America’s Cup – Fighter jets, foils and human factors
The speed of reaction of a fighter pilot in combat has always been a matter of life and death. So when defence and aerospace companies design the control systems for modern military fast jets they are very, very careful to ensure that nothing gets between the pilot and the plane. The design of the interface must present no barriers to the human’s interaction with the machine.
The field of technology that applies itself to this task is called Human Factors and BAE Systems are a leading exponent – these are the people who know how best to present information in high pressured, high speed situations, just like racing the new foiling America’s Cup Class boats.
A member of Land Rover BAR’s Technical Innovation Group (TIG), BAE Systems was an obvious collaborator when the team’s designers and sailors wanted to measure their control system interfaces against the state of the art in military fighter jets; honed in a field where everything is staked on quick reflexes.
Land Rover BAR launched their Technical Innovation Group (TIG) with PA Consulting Group to bring together the very best in British design, technology and innovation to help bring the America’s Cup home to Britain. The TIG team has begun several projects with the member companies – such as Jaguar Land Rover – and the Human Factors investigation with BAE Systems is one of the first.
The Head of Human Factors at the Military Aircraft Division at BAE Systems is Jean Page, and she has been assigned to conduct a study centering on how the sailor / boat interface can be best designed to optimise performance, both improving sailing and reducing the cognitive burden on the sailing team.
“Our initial discussions with the Land Rover BAR team were focused on the Human Machine Interface technologies that we use in aviation, and how these could be integrated into the America’s Cup Class boat,” commented Page. “However, we’ve really stepped back from this to consider what information and controls the crew need to complete their tasks effectively. When we have a clear view of these requirements, it’ll be easier to identify technologies that can be used to enhance human performance; whether this be faster reaction time, better decision making or reduced errors.”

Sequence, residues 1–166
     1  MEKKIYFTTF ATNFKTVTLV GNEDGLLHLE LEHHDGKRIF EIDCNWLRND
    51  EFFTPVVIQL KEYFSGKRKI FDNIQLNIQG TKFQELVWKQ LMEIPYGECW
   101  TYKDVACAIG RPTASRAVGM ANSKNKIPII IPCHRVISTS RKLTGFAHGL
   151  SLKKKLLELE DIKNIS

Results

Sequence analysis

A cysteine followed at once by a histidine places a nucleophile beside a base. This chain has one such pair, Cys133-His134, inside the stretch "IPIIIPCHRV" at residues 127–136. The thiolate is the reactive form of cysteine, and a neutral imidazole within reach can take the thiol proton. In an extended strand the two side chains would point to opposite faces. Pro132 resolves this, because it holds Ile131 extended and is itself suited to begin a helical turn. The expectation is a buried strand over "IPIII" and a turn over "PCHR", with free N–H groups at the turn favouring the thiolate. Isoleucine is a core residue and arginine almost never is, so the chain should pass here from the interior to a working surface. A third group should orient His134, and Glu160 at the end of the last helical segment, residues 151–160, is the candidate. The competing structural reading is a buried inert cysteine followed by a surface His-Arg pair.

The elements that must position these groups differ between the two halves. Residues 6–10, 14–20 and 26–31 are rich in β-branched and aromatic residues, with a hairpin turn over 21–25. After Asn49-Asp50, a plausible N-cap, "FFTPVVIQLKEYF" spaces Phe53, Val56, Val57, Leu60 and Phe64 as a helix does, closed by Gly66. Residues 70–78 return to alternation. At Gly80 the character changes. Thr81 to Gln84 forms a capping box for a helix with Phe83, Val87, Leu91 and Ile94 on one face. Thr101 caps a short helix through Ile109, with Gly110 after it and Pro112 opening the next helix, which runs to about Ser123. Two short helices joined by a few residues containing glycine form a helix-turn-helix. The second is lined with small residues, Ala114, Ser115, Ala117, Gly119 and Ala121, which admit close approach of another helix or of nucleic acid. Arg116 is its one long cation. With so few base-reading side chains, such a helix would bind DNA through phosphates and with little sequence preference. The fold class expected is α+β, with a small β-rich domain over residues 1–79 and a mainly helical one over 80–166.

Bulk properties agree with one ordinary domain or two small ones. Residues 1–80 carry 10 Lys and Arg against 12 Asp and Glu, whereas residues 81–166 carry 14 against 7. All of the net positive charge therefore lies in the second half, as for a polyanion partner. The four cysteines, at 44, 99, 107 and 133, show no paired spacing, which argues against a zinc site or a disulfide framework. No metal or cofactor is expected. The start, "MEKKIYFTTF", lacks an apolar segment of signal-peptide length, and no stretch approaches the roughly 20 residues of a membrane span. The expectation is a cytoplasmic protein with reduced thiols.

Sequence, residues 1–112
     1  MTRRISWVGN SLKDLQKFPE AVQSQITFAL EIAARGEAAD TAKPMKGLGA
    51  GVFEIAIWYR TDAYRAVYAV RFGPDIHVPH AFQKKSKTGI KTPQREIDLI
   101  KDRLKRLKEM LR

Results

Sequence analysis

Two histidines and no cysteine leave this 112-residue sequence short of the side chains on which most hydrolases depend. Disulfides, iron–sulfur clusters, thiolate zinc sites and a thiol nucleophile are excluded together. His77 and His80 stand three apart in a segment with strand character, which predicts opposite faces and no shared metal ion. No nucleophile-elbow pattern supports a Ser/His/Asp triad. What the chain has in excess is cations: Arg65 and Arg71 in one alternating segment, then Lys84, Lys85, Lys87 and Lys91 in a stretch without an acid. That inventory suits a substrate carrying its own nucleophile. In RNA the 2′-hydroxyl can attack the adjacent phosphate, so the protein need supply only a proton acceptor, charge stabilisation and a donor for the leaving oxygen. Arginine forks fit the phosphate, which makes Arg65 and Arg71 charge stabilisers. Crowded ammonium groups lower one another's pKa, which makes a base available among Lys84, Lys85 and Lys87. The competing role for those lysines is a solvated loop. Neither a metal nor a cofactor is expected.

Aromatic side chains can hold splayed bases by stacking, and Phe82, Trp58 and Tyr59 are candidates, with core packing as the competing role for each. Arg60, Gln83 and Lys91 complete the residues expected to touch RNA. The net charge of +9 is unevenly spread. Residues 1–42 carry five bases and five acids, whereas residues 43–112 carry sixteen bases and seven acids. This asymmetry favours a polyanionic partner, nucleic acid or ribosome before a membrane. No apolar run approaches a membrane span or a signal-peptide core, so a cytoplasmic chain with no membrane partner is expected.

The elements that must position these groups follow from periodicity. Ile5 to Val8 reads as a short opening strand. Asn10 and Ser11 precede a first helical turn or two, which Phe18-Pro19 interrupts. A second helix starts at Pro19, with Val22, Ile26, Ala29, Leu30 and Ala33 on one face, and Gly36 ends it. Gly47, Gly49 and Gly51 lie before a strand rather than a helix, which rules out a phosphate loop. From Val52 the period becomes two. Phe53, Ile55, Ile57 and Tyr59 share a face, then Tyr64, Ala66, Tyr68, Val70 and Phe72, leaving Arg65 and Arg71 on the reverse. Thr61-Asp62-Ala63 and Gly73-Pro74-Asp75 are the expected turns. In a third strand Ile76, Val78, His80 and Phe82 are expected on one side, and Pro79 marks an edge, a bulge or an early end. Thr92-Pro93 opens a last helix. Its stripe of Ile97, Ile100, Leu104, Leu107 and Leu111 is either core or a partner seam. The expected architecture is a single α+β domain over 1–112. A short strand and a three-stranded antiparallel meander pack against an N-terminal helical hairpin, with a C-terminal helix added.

The project will run through several stages and after an initial assessment of the actions involved in a particular manoeuvre will move onto assessing some of the ways in which the sailor’s interaction with the boat might be improved. The team will look at communications, to find ways in which technology can enhance both person-to-person communications, and audio feedback from the control systems.
Control panel layout and design will be reviewed to ensure that they are optimised for all potential users and conditions. The team will analyse how controls can be better designed, what display systems are most appropriate and the best way to present information, perhaps with changes in symbology and the coding of content. The project will assess all forms of technology, including those novel to the marine world.
“The key to selecting the right technologies is appreciating the cues used by the crew and determining how technology can present these cues in a way for optimal human perception and processing, decision making and finally action,” added Page. “Some of the early candidates identified include improvements in voice communication between crew members on the boat, perhaps using bone conduction devices. We can also use spatial localisation of sounds to make it easier to determine who is speaking, and the use of ‘tapping’ devices on the skin as an alert.